Since the creation of the United States Navy the need to deliver warships to the often ill defined specifications of the war fighters by the professional naval engineers and naval architects and the designers/builders has been a challenge. One that continues today and will always be with us be we operators (OPNAV) or designers/deliverers of warships (NAVSEA).

In my career I was fortunate to be afforded the opportunity to work in both worlds in the operation of submarines and destroyers and in the design of both surface ships and subs. Hopefully I see the perspectives of both worlds and will relay a few experiences that shed light on the interfaces between operators and creators of warships.

To illustrate the point with respect and humor I reproduce here a pair of messages committed to the ether in 1964 ( I enlisted in the US Navy in June 1960 for the record and served in DDG 16 for four years as the MPA and Missile Fire Control Officer) . The first I must note was created by the Commanding Officer of the USS Gridley (DLG-21) on 10 July 1964 and answered by Chief, Bureau of Ships (now Naval Sea Systems Command – NAVSEA) on 10 August 1964. The exchange is priceless. I recall having these two messages fall into my hands at the Engineering Duty Officer School at Mare Island Naval Shipyard in 1975. As I recall RADM Malcolm McKinnon passed to the class. He had a great sense of humor and is fondly remembered by many of my generation.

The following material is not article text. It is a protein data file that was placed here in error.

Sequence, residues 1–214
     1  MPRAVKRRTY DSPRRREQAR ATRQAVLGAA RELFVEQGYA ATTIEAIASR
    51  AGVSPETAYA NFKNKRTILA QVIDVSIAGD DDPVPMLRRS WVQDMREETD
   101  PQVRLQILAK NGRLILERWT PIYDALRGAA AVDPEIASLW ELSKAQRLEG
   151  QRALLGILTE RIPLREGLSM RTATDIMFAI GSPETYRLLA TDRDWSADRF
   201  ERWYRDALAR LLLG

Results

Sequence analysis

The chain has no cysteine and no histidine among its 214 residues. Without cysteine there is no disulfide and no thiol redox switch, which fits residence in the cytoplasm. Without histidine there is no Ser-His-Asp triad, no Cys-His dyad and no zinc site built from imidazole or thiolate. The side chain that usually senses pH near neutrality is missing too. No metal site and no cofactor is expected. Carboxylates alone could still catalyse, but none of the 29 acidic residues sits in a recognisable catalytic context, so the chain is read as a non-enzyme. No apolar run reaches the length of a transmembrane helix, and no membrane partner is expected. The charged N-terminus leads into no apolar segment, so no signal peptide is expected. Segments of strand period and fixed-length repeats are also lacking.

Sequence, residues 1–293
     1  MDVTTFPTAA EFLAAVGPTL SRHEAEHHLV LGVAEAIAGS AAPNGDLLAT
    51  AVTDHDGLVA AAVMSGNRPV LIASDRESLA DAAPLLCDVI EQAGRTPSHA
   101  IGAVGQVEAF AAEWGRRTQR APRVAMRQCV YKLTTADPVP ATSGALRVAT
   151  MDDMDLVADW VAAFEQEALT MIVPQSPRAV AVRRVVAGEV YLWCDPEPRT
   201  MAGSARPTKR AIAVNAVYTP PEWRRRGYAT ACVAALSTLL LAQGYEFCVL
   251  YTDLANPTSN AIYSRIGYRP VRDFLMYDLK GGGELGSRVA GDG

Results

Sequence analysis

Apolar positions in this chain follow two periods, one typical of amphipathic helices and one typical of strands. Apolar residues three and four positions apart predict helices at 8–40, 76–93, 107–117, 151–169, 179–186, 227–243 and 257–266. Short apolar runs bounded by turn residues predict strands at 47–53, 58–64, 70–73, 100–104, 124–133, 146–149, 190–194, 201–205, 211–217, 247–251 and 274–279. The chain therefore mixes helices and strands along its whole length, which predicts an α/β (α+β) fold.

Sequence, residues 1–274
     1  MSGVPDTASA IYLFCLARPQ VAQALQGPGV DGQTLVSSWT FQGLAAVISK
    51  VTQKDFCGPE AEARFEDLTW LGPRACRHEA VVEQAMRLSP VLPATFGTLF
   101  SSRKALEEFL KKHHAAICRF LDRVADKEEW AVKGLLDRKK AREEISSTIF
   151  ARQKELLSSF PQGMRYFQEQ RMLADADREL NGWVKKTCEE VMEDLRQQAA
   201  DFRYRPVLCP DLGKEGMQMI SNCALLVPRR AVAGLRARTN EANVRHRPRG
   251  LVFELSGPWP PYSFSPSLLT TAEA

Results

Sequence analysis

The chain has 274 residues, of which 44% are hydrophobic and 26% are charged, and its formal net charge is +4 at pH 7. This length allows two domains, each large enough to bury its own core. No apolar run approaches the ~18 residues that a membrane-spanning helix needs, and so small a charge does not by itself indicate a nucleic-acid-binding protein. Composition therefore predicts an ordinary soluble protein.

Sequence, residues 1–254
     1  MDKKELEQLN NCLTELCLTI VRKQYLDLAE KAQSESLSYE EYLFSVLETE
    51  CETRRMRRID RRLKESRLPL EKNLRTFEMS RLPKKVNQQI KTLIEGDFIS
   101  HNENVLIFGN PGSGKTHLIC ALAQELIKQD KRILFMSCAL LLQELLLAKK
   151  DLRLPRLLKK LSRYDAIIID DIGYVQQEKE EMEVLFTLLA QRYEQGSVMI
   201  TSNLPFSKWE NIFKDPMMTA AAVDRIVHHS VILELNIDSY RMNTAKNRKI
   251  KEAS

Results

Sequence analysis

Thus begins the exchange:

From: Commanding Officer, U.S.S. GREDLEY (DLG-21)
To: Chief, Bureau of Ships

Subj: Urinals,; height of

1. In a recent exchange of correspondence between Commander, Puget Sound Naval Shipyard and the Chief, Bureau of Ships, the Commander, Puget Sound Naval Shipyard, on the basis of


bu U.S.S. GRIDLEY (DLG-21) and U.S.S REEVES (DLG-24), recommended that in future constructions the urinals be installed at a height of 25 inches above the deck rather than the specified 23 inches. In response to the recommendation, the Chief, Bureau of Ships stated that the evidence cited did not justify the departure from the shipyard specifications on the height of urinal installation.
2. Since the original recommendation was made partly on the basis of GRIDLEY personnel and since there is an indication that GRIDLEY’s complaint was not adequately justified, GRIDLEY has caused a more thorough inquiry into the facts.
3. A survey of ship’s company has revealed that the tallest man in the crew 6″5″ and the shortest 5’4″. In a dry run these men have been poised at the urinals at their present height of 23″, and it has been determined that the tallest man has 15″ clearance and the shortest 4″.

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